Cardiology

In cardiac resynchronization therapy, the atrioventricular delay or the inter-ventricular delay can be chosen to optimize SV. In a study comparing noninvasive pulse contour SV with echo Doppler aortic velocity–time integral while optimizing the atrioventricular delay, a good agreement was found and the authors concluded that Nexfin is a promising tool in individual optimization [107].

During invasive electrophysiology procedures, it is common practice to use an intra-arterial line to monitor BP in critical situations of hypotension caused by tachyarrhythmias or by intermittent incremental ventricular temporary pacing till to the maximally tolerated systolic BP fall. During such procedures Nexfin recorded reliable BP waveforms notwithstanding the presence of tachyarrhythmia [114]. The authors stated that continuous noninvasive BP monitoring is feasible in the interventional electrophysiology laboratory and may replace intra-arterial BP in that setting.

Noninvasive BP with finger cuff technology has been used for a long time in the diagnosis and management of syncope [115] and is used in tilt table testing and other autonomic function testing [116]. Nexfin enables continuous cardiovascular evaluation of patients presenting with unexplained syncopal attacks and thus considerably contributed to diagnostic efficacy and accuracy [117]. Also in this field CO is receiving increasing attention [118].


Conclusion and perspective

As indicated by De Waal et al. [119] the ideal CO monitor should be: “reliable, continuous, noninvasive, operator-independent, cost-effective, and should have a fast response time (beat-to-beat).” Noninvasive and continuous determination of CO with the Nexfin is comparable to thermodilution CO, is continuous, truly noninvasive and operator independent. Generally within a minute after start-up, beat-to-beat data on BP, HR, SV and CO become simultaneously available. The only point of contact with the patient is the cuff around a finger. CO monitoring is not routine practice yet due to its often invasive and intermittent nature. Nonetheless, fluid therapy guided by CO has been shown to improve perioperative outcome and to reduce complications as well as length of hospital stay [112, 120]. Noninvasive continuous CO techniques make routine monitoring of CO readily available facilitating easier assessment of fluid-responsiveness and a further application of goal directed fluid therapy.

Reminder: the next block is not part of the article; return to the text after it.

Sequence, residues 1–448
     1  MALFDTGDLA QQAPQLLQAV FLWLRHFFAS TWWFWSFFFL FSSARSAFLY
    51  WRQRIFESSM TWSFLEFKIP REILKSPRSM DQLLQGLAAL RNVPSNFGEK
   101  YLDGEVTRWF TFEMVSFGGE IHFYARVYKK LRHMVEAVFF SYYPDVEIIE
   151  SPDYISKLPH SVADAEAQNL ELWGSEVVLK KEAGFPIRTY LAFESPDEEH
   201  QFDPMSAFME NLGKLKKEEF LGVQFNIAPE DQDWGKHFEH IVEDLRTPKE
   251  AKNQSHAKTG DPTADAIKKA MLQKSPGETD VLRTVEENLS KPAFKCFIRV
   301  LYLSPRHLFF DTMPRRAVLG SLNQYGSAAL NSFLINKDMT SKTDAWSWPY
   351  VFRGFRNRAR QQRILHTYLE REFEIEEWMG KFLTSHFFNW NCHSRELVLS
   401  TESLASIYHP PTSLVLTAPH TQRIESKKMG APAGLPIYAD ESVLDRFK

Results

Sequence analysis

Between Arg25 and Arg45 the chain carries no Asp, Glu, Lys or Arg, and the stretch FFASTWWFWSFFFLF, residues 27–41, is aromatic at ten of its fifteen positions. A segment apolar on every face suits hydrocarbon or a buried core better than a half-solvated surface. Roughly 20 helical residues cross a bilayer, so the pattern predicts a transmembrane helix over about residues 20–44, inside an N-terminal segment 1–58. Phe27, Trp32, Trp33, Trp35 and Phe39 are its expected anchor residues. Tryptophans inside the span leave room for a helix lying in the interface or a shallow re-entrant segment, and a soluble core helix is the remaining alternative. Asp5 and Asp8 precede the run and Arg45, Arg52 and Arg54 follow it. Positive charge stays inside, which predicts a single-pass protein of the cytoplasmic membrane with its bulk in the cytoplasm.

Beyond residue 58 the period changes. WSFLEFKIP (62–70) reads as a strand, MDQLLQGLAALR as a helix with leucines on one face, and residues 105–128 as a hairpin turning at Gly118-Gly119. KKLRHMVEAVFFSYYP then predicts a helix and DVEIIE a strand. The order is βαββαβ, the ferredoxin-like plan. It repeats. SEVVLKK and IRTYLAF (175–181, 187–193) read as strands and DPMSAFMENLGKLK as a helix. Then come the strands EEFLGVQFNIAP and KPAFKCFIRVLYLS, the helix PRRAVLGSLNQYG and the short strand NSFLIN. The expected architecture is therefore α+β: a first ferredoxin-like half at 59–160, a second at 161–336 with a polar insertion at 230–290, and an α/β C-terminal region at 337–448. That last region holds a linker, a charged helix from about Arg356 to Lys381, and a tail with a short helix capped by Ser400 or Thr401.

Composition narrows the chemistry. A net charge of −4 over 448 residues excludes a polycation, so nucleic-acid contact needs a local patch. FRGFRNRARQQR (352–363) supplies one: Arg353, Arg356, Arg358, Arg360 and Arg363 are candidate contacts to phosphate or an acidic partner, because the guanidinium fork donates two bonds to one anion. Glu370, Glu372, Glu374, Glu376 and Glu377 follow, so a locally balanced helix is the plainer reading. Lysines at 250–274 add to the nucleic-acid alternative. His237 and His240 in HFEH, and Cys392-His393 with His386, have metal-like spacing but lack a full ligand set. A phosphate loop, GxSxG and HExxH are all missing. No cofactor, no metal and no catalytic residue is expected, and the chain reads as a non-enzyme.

Open Access

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Figures

[Figure ID: Fig1]
Fig. 1 

The differences in pressure levels and wave shape in the radial (red) and finger (blue) arteries. A physiological model can reconstruct the brachial artery pressure (green) from the finger arterial pressure. The staircase is the result of an automatic calibration. (Color figure online)



[Figure ID: Fig2]
Fig. 2 

The cZ pulse contour method, Modelflow and Nexfin CO-trek. The corrected Z (“cZ”, top) method uses an impedance Z to calculate stroke volume (SV) [121]. The time-integral of the arterial pressure wave above diastolic pressure and between valve opening and closing (as determined by upstroke and incisura) is called the pulsatile systolic area (PSA, hashed area in the Figure) of the pressure. This PSA together with the characteristic impedance Zc, which is estimated from age and depending on mean arterial pressure (MAP) and heart rate (HR, the inverse of the heart period of the pressure wave), gives SV. Cardiac output (CO) is calculated by multiplying SV and HR. The method was developed for tracking of changes in CO and for correct absolute values a calibration of Z was necessary. In the Modelflow method (middle) the 3-element Windkessel was implemented. Zc and Windkessel compliance Cw depend on age, gender, height and weight and are nonlinearly related to pressure as shown in the pressure—area relation [97]. Thus, patient data and arterial pressures are both needed to determine these Windkessel parameters [99]. The time varying Rp is the ratio of MAP and CO and iteratively determined. To calculate CO, Modelflow imposes arterial pressure on the Windkessel model. A flow curve is produced of which the time-integral gives SV. The Nexfin CO-trek method (bottom) divides the PSA by the input impedance of the Windkessel to instantaneously give SV. In contrast to Modelflow, there is no need for constructing a flow curve. Moreover while Modelflow was developed to be used on invasive pressures, Nexfin CO-trek was developed to work with noninvasive BP as measured with Nexfin [58].